"Each generation, coming out of obscurity, must define its mission and fulfill or betray it." Frantz Fanon - The Wretched of the Earth”
Detroit Summer is a multi-racial, inter-generational collective in Detroit, working to transform ourselves and our communities by confronting the problems we face with creativity and critical thinking. We currently organize youth-led media arts projects and community-wide potlucks, speak-outs and parties." Detroit Summer develops youth leadership for today’s movement by involving university youth from all over the country with local youth...
“Think Globally, Act Locally” Towards a New Concept of City-zenship By Grace Lee Boggs Community Cultural Development Leadership Summit Intermedia Arts, Minneapolis, June 24, 2004
...In the 1960s and especially in the Freedom Schools of Mississippi Freedom Summer the involvement of youngpeople as active citizens had been pivotal to the success of the movement. In the 60s the challenge had been civil rights; in this period it is rebuilding our cities. That is how we came to name our program DETROIT SUMMER
Detroit Summer started out in 1992 by engaging youthvolunteers in three main activities: planting community gardens to re-connect young people with the Earth and with the community; painting public murals to reclaim public space; and intergenerational and peer dialogues to share our fears, hopes,and dreams.
Since then, one thing has led to another. Our community gardening put us in touch with the Gardening Angels, an informal network created by the late Gerald Hairston, former auto worker and passionate environmentalist, consisting mainly of African American elders raised in the South who had seized the opportunity created by vacant lots and the city’s Farm-a-lot free seeds to plant gardens all over the city.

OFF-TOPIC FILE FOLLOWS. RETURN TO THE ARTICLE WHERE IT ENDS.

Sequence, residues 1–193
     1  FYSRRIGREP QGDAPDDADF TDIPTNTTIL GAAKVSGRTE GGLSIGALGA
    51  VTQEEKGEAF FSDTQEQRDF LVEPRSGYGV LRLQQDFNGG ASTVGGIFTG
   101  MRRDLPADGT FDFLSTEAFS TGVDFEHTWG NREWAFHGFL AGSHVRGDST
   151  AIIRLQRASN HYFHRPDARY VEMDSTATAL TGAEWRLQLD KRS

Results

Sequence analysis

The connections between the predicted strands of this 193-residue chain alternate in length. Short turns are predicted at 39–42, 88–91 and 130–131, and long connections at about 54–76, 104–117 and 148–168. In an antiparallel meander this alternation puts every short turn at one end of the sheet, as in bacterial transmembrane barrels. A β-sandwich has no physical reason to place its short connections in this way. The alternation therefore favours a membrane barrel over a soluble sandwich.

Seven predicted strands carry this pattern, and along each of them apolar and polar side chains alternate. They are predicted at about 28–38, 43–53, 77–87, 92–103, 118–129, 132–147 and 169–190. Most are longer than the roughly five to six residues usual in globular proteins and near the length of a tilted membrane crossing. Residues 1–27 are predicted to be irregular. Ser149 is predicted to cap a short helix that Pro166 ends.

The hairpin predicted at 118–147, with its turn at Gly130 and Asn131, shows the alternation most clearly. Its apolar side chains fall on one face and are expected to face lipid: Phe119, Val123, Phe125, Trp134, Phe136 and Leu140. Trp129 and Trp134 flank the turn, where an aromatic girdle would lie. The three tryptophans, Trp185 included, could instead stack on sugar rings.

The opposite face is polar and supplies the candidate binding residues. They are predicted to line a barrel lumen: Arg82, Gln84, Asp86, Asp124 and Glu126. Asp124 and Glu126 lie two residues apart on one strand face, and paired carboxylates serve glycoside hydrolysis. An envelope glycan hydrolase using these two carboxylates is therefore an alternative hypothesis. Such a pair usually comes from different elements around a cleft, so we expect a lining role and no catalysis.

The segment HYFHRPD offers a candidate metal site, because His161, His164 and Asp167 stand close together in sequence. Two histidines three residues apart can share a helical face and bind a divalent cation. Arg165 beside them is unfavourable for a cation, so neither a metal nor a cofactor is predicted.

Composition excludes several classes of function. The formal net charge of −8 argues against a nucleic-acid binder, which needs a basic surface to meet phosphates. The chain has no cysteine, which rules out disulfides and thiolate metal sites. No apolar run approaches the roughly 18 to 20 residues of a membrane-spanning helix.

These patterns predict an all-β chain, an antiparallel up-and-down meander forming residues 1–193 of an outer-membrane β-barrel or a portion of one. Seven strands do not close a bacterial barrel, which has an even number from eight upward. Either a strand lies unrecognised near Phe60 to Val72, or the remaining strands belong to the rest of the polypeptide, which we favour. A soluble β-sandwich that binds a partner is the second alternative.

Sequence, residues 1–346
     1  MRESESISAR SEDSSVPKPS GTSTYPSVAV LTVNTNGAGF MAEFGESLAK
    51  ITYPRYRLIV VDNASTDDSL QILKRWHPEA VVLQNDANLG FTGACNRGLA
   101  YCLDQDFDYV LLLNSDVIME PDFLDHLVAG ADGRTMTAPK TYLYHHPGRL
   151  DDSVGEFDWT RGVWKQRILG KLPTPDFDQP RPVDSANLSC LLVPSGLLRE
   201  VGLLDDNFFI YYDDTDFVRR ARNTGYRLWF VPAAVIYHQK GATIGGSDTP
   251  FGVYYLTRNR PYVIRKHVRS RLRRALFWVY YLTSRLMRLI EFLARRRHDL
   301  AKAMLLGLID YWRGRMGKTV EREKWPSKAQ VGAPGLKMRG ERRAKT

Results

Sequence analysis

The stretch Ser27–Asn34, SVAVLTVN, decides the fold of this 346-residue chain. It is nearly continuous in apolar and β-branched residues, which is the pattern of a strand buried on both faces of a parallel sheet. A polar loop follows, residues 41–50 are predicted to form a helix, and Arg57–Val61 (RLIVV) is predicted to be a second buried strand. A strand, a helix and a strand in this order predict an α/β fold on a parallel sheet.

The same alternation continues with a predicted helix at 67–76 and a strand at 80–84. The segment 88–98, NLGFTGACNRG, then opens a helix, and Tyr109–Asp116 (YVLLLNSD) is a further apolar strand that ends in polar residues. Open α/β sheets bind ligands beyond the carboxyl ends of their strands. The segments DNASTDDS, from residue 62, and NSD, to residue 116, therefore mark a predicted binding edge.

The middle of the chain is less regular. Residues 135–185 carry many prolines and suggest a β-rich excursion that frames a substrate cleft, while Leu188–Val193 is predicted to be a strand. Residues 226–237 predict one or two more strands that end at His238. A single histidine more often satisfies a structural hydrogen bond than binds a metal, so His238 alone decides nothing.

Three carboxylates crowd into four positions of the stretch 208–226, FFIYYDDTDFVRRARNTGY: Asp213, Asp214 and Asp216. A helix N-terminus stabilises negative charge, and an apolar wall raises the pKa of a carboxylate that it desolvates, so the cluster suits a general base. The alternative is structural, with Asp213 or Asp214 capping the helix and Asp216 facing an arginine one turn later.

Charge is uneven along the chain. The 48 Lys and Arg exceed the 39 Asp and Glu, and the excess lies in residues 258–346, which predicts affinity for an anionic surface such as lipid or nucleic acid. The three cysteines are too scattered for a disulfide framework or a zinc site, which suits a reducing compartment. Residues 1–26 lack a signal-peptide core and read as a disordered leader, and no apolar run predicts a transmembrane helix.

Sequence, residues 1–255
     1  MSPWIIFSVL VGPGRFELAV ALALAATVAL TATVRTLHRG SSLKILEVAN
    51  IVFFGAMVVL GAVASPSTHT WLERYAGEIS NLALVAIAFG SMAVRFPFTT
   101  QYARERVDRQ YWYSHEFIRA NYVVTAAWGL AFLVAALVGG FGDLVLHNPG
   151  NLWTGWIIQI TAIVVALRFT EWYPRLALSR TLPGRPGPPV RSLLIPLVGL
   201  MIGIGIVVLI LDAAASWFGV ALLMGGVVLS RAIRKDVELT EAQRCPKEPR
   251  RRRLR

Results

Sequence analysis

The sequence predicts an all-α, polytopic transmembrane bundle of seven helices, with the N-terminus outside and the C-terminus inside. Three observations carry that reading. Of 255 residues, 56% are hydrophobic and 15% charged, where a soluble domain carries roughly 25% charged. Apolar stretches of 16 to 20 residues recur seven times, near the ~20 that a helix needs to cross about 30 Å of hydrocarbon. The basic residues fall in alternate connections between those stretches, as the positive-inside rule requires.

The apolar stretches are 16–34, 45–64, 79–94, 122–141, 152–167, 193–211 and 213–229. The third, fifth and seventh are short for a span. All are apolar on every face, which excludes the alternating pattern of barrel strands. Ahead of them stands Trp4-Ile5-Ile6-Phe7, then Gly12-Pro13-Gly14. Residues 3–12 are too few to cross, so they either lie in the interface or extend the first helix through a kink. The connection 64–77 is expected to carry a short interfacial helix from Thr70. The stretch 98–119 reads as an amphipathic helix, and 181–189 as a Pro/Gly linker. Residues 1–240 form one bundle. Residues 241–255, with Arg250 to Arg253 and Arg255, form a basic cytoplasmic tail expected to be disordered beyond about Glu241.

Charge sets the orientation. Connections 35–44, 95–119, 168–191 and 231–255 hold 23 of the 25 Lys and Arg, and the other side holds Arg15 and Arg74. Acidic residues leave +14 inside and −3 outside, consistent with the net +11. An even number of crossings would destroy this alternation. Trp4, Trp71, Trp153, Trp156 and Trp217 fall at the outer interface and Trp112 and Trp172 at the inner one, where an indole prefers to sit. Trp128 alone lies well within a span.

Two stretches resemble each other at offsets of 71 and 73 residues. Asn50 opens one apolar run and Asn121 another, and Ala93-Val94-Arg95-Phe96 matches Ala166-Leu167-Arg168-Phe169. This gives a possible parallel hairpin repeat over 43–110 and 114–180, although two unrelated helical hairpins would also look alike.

The Gardening Angels led us to Paul Weertz, a science teacher at Catherine Ferguson Academy (CFA), a public high school for teenage mothers, who was helping his students learn respect for life and for the earth along with math and science by raising farm animals, planting a garden and fruitorchard, and building a barn. As a result, instead of dropping out in large numbers, 70 to 80 percent of the young ladies stay in school and go on to college.
Across the street from CFA were a couple of abandoned houses. Deborah Grotefeldt, an artist from Project Row Houses in Houston, suggested that we buy and rehab these for emergency use by CFA mothers. On the corner betweenthe two houses Detroimmer youth, under the mentorship of Grotefeldt, landscape architect Ashley Kyber, and Trisha Ward of Art Corps/LA, then created an Art Park as a meeting and story-telling place for neighborhood residents.
As a result, the neighborhood is coming back to life. A CFA teacher has bought and renovated the abandoned house next to one of the Detroit Summer houses. A family down the street has fixed up its own house and bought two neighboring houses to rehab for other family members. CFA students are using an EPA grant to do soil testing in the neighborhood and have reported their results and proposals back to the community at a community festival.
The success of the Art Park/Soil Testing and Remediation project in revitalizing the CFA neighborhood inspired us to embark on a similar effort in the neighborhood near the Detroit's Cultural Center, which once housed Detroit's Chinatown but has now been largely abandoned. In order to bring diversity to a city that has been too narrowly viewed as black and white, Asian American university students embarked on a project with local Asian Americans to revive Chinatown. To launch the project, they created a mural linking the struggle for justice for Vincent Chin, an Asian American Detroiter murdered by two autoworkers on the eve of his wedding in 1982, to African American struggles for civil rights. The mural, at ground level, has transformed the space facing it into a courtyard where Asian American,African American, and Euro-American residents of the neighborhood are beginning to interact with one another.